These are busy–and complicated–days for the evangelical Christian orphan care movement.
On Sunday, Nov. 3, more than 1,000 churches across the nation will commemorate the 5th annual Orphan Sunday.
Orphan Sunday has become a rallying point for the orphan care movement, a coalition of churches, nonprofits, activists and adoptive parents.
Over the past decade, the movement has been driven by a simple and compelling message, spread in sermons, books and bumper stickers: “There are 150 million orphans in the world, and God wants you to help them right now.”
This message has led thousands of Christian families to adopt children from overseas, not because of infertility but out of compassion. It’s also led to hundreds of projects and nonprofits, big and small, aimed at feeding and housing orphans around the world. Many of those best known orphan care ministries are members of the Christian Alliance for Orphans (CAFO), which organizes Orphan Sunday.
Some of the agencies promote adoptions. But in recent years, they’ve moved toward programs to keep vulnerable children in their own countries. That’s in part because most of the world’s orphans aren’t “orphans” in the way most Americans understand that word.
According to a 2008 report from UNICEF that CAFO often cites, there are 153 million orphans in the world. About 52 million have lost their mothers, and 119 million have lost their fathers. About 18 million of those have lost both parents, though some of those children have extended family.
So CAFO members like Bethany Christian Services, based in Grand Rapids, Mich., have started programs overseas to help single parents and to provide extended care for children who might otherwise end up in orphanages.
Bill Blacquiere, president of Bethany Christian Services, told the Tennessean newspaper earlier this year it wouldn’t take much to “make sure kids have a permanent home with their family.”
“That should be a very first place for a child to be—with their family or their extended family. Adoption is further down the line when there are no other options.”
CAFO and other Christian agencies also support the “Children in Families First” legislation (childreninfamiliesfirst.org) recently proposed with bi-partisan sponsors in the U.S. Senate. That bill would allow some U.S. foreign aid to be used to help children stay in their families overseas.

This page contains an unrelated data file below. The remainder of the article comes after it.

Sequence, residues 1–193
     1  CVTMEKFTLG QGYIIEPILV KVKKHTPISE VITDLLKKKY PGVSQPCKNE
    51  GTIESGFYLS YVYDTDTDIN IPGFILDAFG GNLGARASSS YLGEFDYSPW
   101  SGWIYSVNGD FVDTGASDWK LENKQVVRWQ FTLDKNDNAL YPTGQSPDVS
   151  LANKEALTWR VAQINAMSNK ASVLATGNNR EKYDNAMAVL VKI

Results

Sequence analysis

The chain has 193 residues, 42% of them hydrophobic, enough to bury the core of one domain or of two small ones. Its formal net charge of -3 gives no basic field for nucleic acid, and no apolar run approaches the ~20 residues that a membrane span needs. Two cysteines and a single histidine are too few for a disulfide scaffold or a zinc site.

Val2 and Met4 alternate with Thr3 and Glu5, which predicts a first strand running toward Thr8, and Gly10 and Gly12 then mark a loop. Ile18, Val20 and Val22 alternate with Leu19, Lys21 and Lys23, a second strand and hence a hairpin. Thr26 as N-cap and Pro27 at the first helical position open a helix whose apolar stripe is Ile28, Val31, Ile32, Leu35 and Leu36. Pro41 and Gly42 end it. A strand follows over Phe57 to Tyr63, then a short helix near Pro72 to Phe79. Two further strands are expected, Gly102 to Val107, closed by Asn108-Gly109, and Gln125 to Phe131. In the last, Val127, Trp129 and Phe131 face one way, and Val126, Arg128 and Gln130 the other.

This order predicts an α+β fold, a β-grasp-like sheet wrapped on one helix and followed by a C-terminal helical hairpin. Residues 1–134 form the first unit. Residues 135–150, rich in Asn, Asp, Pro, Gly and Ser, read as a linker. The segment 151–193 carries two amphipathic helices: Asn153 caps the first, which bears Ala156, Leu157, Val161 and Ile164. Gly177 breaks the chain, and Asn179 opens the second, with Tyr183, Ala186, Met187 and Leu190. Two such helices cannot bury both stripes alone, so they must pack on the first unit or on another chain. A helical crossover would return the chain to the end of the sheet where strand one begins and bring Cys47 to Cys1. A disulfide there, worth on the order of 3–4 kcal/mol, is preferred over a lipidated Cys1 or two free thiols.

The orphan care movement has also started to focus on vulnerable children in the United States. Groups like Focus on the Family and Safe Families have recruited a growing number of church members to serve as foster parents.
On Nov. 8, Christian groups from around the United States will gather in Orlando at the “Families for Children Conference,” to discuss ways to grow faith-based involvement in foster care.
Orphan care has also come under fire recently, as the Associated Press reports.
“The adoption movement faces criticisms so forceful that some of its own leaders are paying heed,” writes the AP’s David Carey. “The gist: Some evangelicals are so enamored of international adoption as a mission of spiritual salvation—for the child and the adoptive parents—that they have closed their eyes to adoption-related fraud and trafficking, and have not fully embraced alternatives that would help orphans find loving families in their home countries.”
One of the movement’s loudest critics is David Smolin, director of the Center for Children, Law, and Ethics, at Samford University in Birmingham, Alabama.
Smolin and his wife are adoptive parents themselves. They adopted two daughters from India, who they thought were orphans, only to find out that the girls had been stolen from their parents.
He told the Tennessean newspaper earlier this year about his concerns about international adoption.
In some countries, he told the Tennessean, too much money and not enough regulation have led to corruption, including orphanages that either buy children or coerce their parents into giving them up for adoption.
“Christians did not create these flaws,” he said. “But they did not discern the flaws.”
Johnny Carr, author of Orphan Justice, from B&H Publishers, also warns that international adoption—which brings many blessings—also has pitfalls.
“An unregulated, ‘get-every-kid-adopted’ approach is likely to encourage child kidnapping and trafficking,” he writes.
Carr, the national director of Church Partnerships at Bethany Christian Services, and other leaders of the orphan care movement don’t want Christians to give up on adoption.
But they do want Christians to take the problems with international adoption more seriously. And they want to remind churches that adoption alone isn’t the answer to the global orphan crisis.
Instead, Carr says in Orphan Justice, churches have to confront social issues like poverty, HIV/AIDS and racism in order to fulfill the biblical command to assist widows and orphans.
“We can’t say that we love orphans while failing to address the social ills that directly affect their lives.”Bob Smietana is senior writer for Facts & Trends
Belonging to Abba: Why every Christian is called to orphan care by Matt Capps
Is the orphan my neighbor? by Russell Moore